Rosy Mckeown says
That should have read lvt flooring!
No problem! Thanks for clarifying!
Cathy Rohr says
We’re looking to remodel our kitchen the flooring we have picked our in a beige lvt. My question – we want to remove a half wall that separates the family room from the kitchen. Currently the family room,dining room, and foyer all have hardwoods. Would it be okay to leave the hardwood in the family room or put the tile in there to match the kitchen?
It sounds like it would be just fine to leave the hardwood in the living room!
We have older hardwood floors throughout our entire house with the exception of bathroom upstairs which we have a gorgeous porcelain tile. We are in the process of remodeling our kitchen and don’t know what to do! When you enter our home your in the living room. The dining room is behind the living room with a wall in between the two rooms. There is a wall that separates the dining room from kitchen. Within kitchen, you step down into a separate small room. Issue-contractor has suggested knocking down wall that separates dining room from kitchen and add tile floor in both rooms. I seem to think the tile will clash with hardwood floor in living room although I’ve found a beautiful ivory tile with light brown veins/marble. I was thinking add the porcelain tile to the 3 rooms (dining, kitchen and room off kitchen). That leaves the entire living room and stairs with original hardwood floors. Will this flow nicely or will it be a disaster? Should we leave wall up and just add porcelain tiles to kitchen and room.off kitchen? Does knocking down wall add/remove value? So sorry for the many questions but need direction and help.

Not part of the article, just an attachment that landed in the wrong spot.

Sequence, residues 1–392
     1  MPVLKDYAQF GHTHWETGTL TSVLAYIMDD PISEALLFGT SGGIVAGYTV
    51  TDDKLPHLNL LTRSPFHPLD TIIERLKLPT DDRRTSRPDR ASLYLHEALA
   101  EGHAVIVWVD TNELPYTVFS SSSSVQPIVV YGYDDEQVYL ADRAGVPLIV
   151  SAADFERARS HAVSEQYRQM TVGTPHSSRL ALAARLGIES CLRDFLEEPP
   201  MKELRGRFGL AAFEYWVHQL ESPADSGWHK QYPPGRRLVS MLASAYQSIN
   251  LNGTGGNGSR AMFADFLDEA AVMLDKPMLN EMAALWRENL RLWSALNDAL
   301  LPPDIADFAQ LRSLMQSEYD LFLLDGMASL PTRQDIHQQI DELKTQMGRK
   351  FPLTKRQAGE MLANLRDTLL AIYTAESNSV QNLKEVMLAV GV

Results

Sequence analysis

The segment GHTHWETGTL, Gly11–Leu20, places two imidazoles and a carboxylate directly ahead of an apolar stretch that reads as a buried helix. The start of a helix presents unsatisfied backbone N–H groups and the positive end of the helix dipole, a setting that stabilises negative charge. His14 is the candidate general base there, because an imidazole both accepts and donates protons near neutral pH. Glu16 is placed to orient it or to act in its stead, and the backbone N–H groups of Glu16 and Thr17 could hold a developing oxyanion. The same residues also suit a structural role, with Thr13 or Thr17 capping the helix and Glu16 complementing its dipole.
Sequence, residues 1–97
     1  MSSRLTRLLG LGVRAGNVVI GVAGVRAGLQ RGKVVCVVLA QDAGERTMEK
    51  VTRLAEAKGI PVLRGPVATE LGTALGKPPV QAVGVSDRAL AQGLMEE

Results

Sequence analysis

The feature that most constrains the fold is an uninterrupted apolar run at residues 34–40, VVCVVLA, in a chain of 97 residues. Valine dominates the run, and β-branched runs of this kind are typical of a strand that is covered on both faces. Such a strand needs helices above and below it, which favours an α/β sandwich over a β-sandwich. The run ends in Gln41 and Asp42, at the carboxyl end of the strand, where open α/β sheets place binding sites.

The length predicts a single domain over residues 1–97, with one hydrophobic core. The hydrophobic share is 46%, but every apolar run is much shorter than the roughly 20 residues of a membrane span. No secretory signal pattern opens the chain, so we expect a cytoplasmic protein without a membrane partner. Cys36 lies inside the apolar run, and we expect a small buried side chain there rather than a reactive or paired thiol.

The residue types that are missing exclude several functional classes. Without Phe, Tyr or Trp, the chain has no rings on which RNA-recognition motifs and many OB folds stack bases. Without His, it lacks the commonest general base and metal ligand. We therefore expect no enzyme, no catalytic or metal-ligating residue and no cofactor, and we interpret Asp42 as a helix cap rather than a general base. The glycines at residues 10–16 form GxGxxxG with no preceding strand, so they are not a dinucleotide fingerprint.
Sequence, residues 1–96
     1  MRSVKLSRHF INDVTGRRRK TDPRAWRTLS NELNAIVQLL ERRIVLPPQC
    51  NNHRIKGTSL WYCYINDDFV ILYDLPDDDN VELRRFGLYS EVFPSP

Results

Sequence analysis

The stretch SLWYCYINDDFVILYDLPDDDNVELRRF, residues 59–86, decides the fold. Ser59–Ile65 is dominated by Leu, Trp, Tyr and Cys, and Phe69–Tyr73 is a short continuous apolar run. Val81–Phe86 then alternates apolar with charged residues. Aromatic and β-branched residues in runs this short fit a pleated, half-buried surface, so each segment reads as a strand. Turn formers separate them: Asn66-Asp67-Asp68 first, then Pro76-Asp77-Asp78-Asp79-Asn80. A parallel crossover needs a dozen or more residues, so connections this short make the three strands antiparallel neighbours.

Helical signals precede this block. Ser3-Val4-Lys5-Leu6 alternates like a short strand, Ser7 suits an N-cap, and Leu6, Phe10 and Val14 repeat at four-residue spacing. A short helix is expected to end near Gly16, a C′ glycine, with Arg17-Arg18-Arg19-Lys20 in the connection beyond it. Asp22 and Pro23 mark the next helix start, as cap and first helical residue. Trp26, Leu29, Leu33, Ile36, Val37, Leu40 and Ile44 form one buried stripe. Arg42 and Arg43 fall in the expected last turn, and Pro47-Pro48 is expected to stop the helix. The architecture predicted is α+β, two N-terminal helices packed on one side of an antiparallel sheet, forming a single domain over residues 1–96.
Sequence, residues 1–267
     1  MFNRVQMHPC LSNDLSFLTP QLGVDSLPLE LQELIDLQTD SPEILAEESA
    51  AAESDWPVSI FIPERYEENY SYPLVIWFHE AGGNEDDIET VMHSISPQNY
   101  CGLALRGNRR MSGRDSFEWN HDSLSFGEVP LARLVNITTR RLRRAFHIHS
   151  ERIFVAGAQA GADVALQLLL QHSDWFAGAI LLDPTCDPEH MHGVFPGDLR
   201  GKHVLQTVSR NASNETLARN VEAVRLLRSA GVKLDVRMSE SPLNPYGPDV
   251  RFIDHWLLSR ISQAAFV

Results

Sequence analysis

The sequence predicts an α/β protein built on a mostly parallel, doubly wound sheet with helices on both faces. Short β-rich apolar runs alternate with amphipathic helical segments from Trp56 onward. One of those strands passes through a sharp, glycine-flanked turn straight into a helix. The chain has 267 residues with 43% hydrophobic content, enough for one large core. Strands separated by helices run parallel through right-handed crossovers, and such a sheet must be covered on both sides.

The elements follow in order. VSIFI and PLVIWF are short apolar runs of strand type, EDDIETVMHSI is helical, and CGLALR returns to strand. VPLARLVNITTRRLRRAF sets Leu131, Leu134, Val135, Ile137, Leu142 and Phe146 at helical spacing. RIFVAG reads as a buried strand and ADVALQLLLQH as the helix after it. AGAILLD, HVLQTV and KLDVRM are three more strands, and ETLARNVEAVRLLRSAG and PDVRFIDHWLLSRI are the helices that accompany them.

Hi Patrisha! It sounds like you have two good options here. If you take down the wall, does it make the space feel larger? Look at the space and see if the areas you want to tile will make the whole space look more open or more separated. If the answer is more open, then you know what to do. In most cases for resale value, buyers like a more open feel. Feel free to bring photos in to one of our stores and we can give you more accurate advice!
I want to put laminate in throughout my home except for the bathrooms do you think this is
a good idea? The bathroom would have ceramic that matches the laminate.
This sounds like a good plan because it will give you consistency throughout your home. We would be happy to give you an estimate and a more specific opinion if you’d like!